Wasatch Cache National Forest

In partnership with: The Friends of the Utah Avalanche Center, Utah Department of Public Safety Division of Comprehensive Emergency Management, Salt Lake County, and Utah State Parks


: http://www.avalanche.org/~uac/

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Avalanche advisory

Saturday, DECEMBER 27, 2003   7:30 am


Good morning, this is Drew Hardesty with the Forest Service Utah Avalanche Center with your backcountry avalanche and mountain weather advisory.  Today is Saturday, December 27th, 2003, and it’s 7:30 a.m. 




Current Conditions:

With storm totals in the 3-4’ range, the Wasatch experienced a significant avalanche cycle yesterday that is likely to continue into today.  Natural avalanches were reported across the range on a variety of aspects and elevations, with control teams reporting crowns in the 2-4’ range, with some breaking into old snow.  Many avalanche slopes released multiple times and both Little Cottonwood and American Fork canyons were closed.  Details are still filtering in, but yesterday a very large natural avalanche ran down into the Aspen Grove area on Timpanogas, burying seven people.  Of those caught, four were rescued from the debris.  Tragically, there are three people still missing in the avalanche this morning.  Rescue efforts were called off due to the dangerous avalanche conditions last night and the teams are likely to return this morning. 


Avalanche Conditions:

Overnight the Salt Lake and Park City mountains picked up an additional 8-10”, the Ogden mountains and the Uintas an additional 12”, and the Provo mountains picked up another 2-4”.  Accompanying the snowfall were winds out of the northwest averaging in the 15-20mph range, with the most exposed stations reporting hourly averages at 25mph.  Due to the nature of the avalanche instability, today it will continue to be important to avoid runout areas as well as steep slopes.  At this stage of the game, the danger exists on and below steep slopes at the high, mid, and low elevations – including the roof of your house – a reminder that a roof-alanche fatality occurred in the early 90’s in Wasatch County.    Avoid gullies, cut banks, and other terrain traps that will be natural entrapment areas where the snow debris will immediately fill up.  Collapsing, or ‘whoomphing’, and shooting cracks are l signs of immediate instability.  In the mid and upper elevations, where we have buried weak layers and more significant loading, any avalanche will have the potential to be 3-5’ deep.   Even lower elevation terrain such as Mill Creek, City Creek, and the foothills should be considered suspect.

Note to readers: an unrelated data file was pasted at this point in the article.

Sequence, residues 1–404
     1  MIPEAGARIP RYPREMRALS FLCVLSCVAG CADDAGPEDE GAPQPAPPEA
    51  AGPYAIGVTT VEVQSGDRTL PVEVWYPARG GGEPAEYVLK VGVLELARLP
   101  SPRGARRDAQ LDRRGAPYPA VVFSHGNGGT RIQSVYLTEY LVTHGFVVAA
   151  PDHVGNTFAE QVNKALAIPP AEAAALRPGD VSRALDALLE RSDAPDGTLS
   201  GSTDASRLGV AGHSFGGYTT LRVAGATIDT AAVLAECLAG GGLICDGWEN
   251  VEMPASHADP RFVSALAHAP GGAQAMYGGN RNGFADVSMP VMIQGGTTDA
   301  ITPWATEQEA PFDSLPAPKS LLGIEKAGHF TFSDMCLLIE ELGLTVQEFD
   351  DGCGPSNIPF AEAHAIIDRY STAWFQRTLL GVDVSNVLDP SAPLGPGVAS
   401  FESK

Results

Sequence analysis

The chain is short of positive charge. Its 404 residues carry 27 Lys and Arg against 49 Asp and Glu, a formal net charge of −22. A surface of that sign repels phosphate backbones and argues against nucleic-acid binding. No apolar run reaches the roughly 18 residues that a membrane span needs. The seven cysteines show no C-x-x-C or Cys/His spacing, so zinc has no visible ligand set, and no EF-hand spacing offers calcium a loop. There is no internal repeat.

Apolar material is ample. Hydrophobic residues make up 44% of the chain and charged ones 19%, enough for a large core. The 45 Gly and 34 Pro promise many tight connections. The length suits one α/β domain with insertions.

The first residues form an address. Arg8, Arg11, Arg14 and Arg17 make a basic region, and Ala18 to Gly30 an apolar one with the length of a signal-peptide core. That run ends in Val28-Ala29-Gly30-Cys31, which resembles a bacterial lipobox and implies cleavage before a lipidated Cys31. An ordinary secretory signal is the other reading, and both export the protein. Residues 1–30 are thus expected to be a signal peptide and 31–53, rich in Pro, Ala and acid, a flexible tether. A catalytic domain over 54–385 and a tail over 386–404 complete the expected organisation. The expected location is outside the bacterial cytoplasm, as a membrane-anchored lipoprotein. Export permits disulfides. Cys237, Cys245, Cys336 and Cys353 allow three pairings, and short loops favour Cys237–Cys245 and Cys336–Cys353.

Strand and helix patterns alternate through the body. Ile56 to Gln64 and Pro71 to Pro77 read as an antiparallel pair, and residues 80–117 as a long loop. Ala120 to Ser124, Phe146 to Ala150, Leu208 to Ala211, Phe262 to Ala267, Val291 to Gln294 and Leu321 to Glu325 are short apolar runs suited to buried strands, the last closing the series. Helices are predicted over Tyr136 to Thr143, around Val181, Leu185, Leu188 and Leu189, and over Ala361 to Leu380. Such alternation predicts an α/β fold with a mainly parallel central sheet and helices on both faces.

Bottom Line (Salt Lake and Park City, Provo, and Ogden mountains):

There remains a HIGH danger of avalanches on steep slopes in high, mid, and low elevation terrain.  Natural and human triggered avalanches will be likely.  Those without good route finding or rescue skills should avoid the backcountry today.


Uinta Mountains:  A specific advisory for the Uinta mountains is being issued today.  Click on western Uintas on the advisory page or phone 1-800-648-7433.


Mountain Weather:

Today will be a day of transition as the bulk of the storm moves on to the east.  As the flow shifts northwest, areas favored by this flow could see an additional 4-8” in bands over the course of the day.  Skies may turn mostly cloudy later this evening.  Winds will be out of the northwest in the 20mph range.  Temperatures will be zero at 10,000’ and in the single digits at 8000’.  Tomorrow will give us a bit of a break with a splitty looking storm on tap for Monday.


For specific digital forecasts for selected mountain areas from the National Weather Service, click the links below or choose your own specific location at the National Weather Service Digital Forecast Page.


3-Day Table

3-Day Graph

7-Day Table

Ogden Mountains

Ogden Mountains

Ogden Mountains

SLC Mountains

SLC Mountains

SLC Mountains

Provo Mountains

Provo Mountains

Provo Mountains



General Information:

The Wasatch Powderbird Guides will not fly today unless they get a window for control work on the highways.


If you are getting into the backcountry, please give us a call and let us know what you’re seeing, especially if you trigger an avalanche.  You can leave a message at 524-5304 or 1-800-662-4140.  Or you can e-mail an observation to [email protected] .org, or you can fax an observation to 801-524-6301.


The Friends of the Utah Avalanche Center is offering two 3-day avalanche workshops which are being held January 17-19 and February 14-16.  Information and sign-up sheets are available at the Black Diamond store (2092 E. 3900 S.; 278-0233).


The information in this advisory is from the U.S. Forest Service, which is solely responsible for its content.  This advisory describes general avalanche conditions and local variations always occur. 


I will update this advisory on Sunday morning.

Thanks for calling.


For more detailed weather information go to our Mountain Weather Advisory

National Weather Service - Salt Lake City - Snow.

For an explanation of avalanche danger ratings: